Now that Marc Bergevin’s been named the new general manager of the Canadiens, the next big question in Montreal is, who will he choose to coach? Because it won’t be Randy Cunneyworth.
Bergevin says that decision will be made “sooner than later.” And with no word out of Vancouver regarding Alain Vigneault’s future, it’s easy to understand the speculation that the coach of the Canucks could be back behind the bench of the Habs.
Yes, back behind the bench, for those who may have forgotten that Vigneault’s first head-coaching job was with the Canadiens, hired prior to the 1997-98 season and fired after 20 games of the 2000-01 campaign.
While Vigneault only led the Habs to the playoffs once, he really didn’t have much to work with. In fact, he was nominated for coach of the year in 2000 after salvaging a 35-34-9-4 record despite his team being decimated by injuries.
In Vancouver, Vigneault’s made the playoffs in five of his six seasons as coach and took the Canucks to Game 7 of the 2001 Stanley Cup final. In his first season with the club, 2006-07, he won the Jack Adams Award. He was also a finalist for coach of the year in 2010 and 2011.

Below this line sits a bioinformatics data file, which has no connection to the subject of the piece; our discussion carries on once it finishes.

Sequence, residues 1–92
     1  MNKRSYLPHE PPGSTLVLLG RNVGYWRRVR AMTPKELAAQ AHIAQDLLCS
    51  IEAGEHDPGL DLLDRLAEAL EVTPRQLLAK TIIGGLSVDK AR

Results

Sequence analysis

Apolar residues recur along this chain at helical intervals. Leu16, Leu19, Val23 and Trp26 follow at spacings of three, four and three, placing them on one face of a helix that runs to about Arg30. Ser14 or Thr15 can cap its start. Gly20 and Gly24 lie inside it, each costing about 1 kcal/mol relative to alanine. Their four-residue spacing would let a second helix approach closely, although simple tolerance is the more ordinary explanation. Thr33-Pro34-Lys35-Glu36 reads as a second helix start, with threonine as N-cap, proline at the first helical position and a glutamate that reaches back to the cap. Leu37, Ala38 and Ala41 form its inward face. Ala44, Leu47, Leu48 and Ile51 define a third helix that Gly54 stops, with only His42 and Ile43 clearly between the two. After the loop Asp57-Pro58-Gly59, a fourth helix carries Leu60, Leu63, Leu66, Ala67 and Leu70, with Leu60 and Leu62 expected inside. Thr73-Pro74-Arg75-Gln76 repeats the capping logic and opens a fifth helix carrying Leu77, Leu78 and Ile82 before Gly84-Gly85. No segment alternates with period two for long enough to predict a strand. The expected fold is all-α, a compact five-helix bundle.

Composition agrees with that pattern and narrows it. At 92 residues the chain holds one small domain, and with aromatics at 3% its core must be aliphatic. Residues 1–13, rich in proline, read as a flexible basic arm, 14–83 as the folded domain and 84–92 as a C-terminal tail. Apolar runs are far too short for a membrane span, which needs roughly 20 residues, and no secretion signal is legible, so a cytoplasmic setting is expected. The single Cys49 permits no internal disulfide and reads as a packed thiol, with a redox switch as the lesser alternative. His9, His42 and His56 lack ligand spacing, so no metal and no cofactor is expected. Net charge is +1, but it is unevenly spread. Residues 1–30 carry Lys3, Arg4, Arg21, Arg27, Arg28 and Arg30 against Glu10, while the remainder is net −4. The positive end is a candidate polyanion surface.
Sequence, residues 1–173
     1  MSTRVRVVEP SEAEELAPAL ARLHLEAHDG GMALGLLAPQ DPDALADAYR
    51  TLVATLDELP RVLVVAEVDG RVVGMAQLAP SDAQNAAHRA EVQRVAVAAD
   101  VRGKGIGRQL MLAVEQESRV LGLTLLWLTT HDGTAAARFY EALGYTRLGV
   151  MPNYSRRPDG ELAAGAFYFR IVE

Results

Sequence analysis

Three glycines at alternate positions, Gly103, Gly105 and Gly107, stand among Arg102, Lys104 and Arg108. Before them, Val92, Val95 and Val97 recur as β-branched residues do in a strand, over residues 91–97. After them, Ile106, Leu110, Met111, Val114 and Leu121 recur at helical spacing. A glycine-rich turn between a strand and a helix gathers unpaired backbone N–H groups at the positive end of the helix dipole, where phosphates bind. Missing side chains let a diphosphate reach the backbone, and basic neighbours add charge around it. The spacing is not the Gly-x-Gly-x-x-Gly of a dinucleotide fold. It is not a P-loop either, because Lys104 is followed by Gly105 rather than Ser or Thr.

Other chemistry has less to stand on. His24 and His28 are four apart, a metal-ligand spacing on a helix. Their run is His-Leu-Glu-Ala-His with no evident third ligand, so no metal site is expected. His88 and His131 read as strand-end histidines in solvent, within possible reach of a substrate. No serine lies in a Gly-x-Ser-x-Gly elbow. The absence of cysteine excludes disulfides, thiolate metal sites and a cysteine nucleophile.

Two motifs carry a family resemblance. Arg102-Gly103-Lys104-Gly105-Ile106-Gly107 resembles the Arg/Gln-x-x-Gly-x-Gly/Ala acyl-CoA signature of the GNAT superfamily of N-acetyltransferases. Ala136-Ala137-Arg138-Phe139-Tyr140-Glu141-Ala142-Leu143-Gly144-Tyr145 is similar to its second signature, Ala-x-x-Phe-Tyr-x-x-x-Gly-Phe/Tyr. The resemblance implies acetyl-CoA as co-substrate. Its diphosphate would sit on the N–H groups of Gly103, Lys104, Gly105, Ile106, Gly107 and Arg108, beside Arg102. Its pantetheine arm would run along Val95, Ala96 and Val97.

Oh, and he speaks French.
Of course, should Bergevin feel Vigneault’s the right man for the job, Vigneault would have to leave the Canucks first.
What are the chances of that?
From The Province, the case to fire Vigneault:
As much as Vigneault nearly directed the franchise to its first league championship and has a year remaining on his contract, he has also missed the post-season and been ousted on three occasions in the second round. Against the Los Angeles Kings, the Canucks talked of how the experience of enduring a playoff marathon was going to benefit another long run this spring, how they were tailored to play any kind of game and would be just as happy to win 1-0. But they were never really ready and dropped the first two games on home ice. Players are paid handsomely to be prepared but it’s the coach’s mandate to ensure they are. The season-ending 2-1 overtime loss in Game 5 left the disturbing impression that outside of a failed Mason Raymond wraparound attempt in the extra session, the Canucks were trying not to lose the game rather than pressing to win it.
From the Vancouver Sun, the case to keep him:
If the Canucks can get better by firing easily the best coach they’ve had, by all means pass the blindfold and cigarettes. But unless the Detroit Red Wings are going to punt Mike Babcock – and why wouldn’t they because they lost in the first round, too? – it’s hard to imagine any of the small handful of coaches in Vigneault’s class being available as a potential upgrade.
Ultimately the decision may be Vigneault’s to make. Canucks GM Mike Gillis has voiced his support for the coach, and there’s even talk Gillis could quit if ownership forces him to fire Vigneault.
That said, it’s not preposterous to wonder if Vigneault would prefer coaching in Montreal over Vancouver. After all, it’s not every year the Habs job becomes available.
OK, lately it has, but you get my point.